How To Resource In The Expansive Perspective

Article •  Read time: 2-3 minutes
All Skill Levels
Article
Read time: 2-3 minutes
In the face of stress you can find ways to be present for what’s happening, rather than being pulled or pushed around by anxious thoughts or fearful feelings. Here are some strategies to return to and maintain expanded awareness.

How to Stay Calm During a Pandemic

Article •  Read time: 5-8 minutes
All Skill Levels
Article
Read time: 5-8 minutes
As social beings we thrive with social contact and community. Thus, with the social isolation and a loss of routine that happens in a pandemic, there are three critical areas to keep in mind everyday: emotional-physiological regulation, self-empathy for fear and anxiety, and meaningful engagement. Read on for more.

Responding to Anger

Article •  Read time: 5-8 minutes
Beginner Skill Level
Article
Read time: 5-8 minutes
When someone wants to speak angrily about another, do you want to move away, try to calm them, argue, set a boundary, or offer empathy? What supports you to stay self connected? You can set boundaries regarding listening so that you're less likely to defend the other party, or attempt to talk your friend down from their judgments, thereby escalating the situation. Disagreements can also ignite curiosity and celebration. Read on for more.

Empathy – Not Empathy

Learning Tool •  Read time: 2 - 3 minutes
Beginner Skill Level
Learning Tool
Read time: 2 - 3 minutes
This handout defines and contrasts "empathy" alongside "responses may meet needs, but are not empathy" (such as advice, correcting, consoling, etc).

Requests in a Moment of Reactivity

Article •  Read time: 3-5 minutes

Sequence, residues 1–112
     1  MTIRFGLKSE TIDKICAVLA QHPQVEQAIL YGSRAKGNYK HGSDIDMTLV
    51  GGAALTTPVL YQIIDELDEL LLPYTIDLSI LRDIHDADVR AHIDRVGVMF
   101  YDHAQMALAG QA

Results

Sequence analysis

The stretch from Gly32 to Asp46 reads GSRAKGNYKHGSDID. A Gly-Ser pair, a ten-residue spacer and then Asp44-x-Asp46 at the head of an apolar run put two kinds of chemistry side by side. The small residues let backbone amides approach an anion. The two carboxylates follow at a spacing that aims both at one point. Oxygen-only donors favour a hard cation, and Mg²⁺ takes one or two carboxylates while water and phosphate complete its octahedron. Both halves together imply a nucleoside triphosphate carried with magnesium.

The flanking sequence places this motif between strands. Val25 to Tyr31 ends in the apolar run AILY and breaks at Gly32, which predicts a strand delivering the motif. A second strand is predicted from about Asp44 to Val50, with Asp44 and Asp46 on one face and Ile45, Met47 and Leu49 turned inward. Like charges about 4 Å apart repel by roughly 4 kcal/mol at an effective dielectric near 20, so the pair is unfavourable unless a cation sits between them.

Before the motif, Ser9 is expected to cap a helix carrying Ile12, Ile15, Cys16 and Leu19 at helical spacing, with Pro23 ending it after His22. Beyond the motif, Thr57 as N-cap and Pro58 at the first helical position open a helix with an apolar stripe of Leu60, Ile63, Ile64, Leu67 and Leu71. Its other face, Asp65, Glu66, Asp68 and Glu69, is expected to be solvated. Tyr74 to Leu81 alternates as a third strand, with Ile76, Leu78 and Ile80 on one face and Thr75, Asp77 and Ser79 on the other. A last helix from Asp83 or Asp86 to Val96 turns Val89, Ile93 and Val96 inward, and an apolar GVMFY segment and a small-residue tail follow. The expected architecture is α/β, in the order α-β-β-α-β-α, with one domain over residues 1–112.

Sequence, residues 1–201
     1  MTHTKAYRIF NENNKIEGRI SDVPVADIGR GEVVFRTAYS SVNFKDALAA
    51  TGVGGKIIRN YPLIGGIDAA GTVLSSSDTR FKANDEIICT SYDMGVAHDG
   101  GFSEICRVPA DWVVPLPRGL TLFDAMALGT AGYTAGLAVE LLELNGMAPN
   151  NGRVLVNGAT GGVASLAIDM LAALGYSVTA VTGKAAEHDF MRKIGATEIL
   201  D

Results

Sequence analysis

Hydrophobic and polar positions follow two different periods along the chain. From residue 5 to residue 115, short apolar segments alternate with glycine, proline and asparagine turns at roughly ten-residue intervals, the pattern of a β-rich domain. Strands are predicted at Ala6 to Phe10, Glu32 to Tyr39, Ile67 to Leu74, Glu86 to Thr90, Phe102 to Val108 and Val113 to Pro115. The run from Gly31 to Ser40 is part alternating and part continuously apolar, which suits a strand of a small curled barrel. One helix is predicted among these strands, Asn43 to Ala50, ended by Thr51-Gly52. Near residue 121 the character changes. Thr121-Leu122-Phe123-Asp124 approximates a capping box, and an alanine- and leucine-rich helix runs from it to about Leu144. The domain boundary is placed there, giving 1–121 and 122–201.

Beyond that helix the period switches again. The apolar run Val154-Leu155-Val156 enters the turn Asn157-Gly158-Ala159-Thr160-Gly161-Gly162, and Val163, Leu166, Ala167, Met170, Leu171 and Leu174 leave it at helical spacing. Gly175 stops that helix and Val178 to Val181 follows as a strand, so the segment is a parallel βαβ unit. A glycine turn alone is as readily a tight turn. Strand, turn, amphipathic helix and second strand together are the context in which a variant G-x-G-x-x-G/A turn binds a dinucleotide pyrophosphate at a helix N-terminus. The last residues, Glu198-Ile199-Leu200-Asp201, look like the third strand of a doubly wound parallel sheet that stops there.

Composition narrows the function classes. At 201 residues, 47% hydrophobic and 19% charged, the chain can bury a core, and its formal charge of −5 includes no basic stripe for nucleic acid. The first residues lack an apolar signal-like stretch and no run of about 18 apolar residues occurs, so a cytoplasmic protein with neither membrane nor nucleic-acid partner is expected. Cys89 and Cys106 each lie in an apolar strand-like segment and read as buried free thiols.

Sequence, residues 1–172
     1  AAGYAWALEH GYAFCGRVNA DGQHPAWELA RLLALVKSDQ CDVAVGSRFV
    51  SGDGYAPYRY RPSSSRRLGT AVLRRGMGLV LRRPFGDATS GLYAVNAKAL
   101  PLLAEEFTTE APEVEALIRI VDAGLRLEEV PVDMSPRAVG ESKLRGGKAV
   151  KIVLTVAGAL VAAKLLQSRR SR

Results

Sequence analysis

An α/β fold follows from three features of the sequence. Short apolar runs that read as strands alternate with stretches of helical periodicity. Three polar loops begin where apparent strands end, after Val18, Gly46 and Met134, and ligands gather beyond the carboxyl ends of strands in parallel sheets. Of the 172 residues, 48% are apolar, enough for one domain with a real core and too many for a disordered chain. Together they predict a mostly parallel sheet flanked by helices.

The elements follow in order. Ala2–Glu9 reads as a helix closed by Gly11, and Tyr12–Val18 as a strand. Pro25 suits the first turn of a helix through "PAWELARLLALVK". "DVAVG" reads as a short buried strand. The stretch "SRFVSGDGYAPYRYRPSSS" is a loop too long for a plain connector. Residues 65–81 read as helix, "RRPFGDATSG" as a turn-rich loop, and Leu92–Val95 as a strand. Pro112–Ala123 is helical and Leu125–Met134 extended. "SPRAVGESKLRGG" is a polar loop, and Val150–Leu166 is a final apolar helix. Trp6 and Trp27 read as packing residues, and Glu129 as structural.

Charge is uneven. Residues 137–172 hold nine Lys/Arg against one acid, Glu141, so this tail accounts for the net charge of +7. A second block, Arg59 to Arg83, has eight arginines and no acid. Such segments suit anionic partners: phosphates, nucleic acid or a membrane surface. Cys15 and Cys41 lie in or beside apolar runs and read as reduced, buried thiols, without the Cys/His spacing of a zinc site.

Beginner Skill Level
Article
Read time: 3-5 minutes
Here are 16 helpful requests you can make before you're swept up in your own reactivity.

Standing in Your Truth and Setting Boundaries

Article •  Read time: 8-12 minutes
Intermediate Skill Level
Article
Read time: 8-12 minutes
Unhook from a reactive dynamic, by staying with your needs and requests, and release attachment to outcome. Start by shifting your attention from the other person to get clear on what's true for you. Read on for strategies to transform reactivity, possible boundary setting behaviors, typical signs of escalation, and more.

Help for Overwhelm

Article •  Read time: 3-5 minutes
Intermediate Skill Level
Article
Read time: 3-5 minutes
Reducing overwhelm requires you to reconnect with your authentic choice, be present and compassionate with what's happening, heal trauma, and interrupt the trauma response. Read on for ways that may help you reconnect with your choice, presence and more on trauma.

Dissolving Reactivity With Your Partner

Article •  Read time: 3-5 minutes
Intermediate Skill Level
Article
Read time: 3-5 minutes
Most reactivity in intimate relationships comes from a lack of confidence in maintaining intimacy, autonomy, or security. What may help is naming what's happening, interrupting shame, and anchoring or reassuring yourself. You can also reflect on the effects of acting from reactivity. Knowing what helps center you, ask your partner to do or say specific things that might help. Read on for more.

Healing a Repetitive Reactive Dynamic

Article •  Read time: 3-5 minutes
Intermediate Skill Level
Article
Read time: 3-5 minutes
In healing reactivity try identifying your most common complaints, wishes, or requests. Or when you tend to defend, justify, get angry, or protect. Find the tender needs. You can recall when you experienced deep nourishment of that need. Several times a week nourish your tender needs. Be clear about the strategy to address needs by answering key questions. Read on for more.

Helping Another Find Willingess

Article •  Read time: 4-6 minutes
Intermediate Skill Level
Article
Read time: 4-6 minutes
Is there someone you wish was more willing? Try guessing what obstacles they might be struggling with. And allow yourself to feel your grief. As you grapple with your own desire for someone to find their willingness, its essential to recognize that this is about you and your needs. You can also express your needs honestly, make requests for how to collaborate, and be responsive to what they want. Read on for more on this, plus four common ways someone’s willingness might be blocked.

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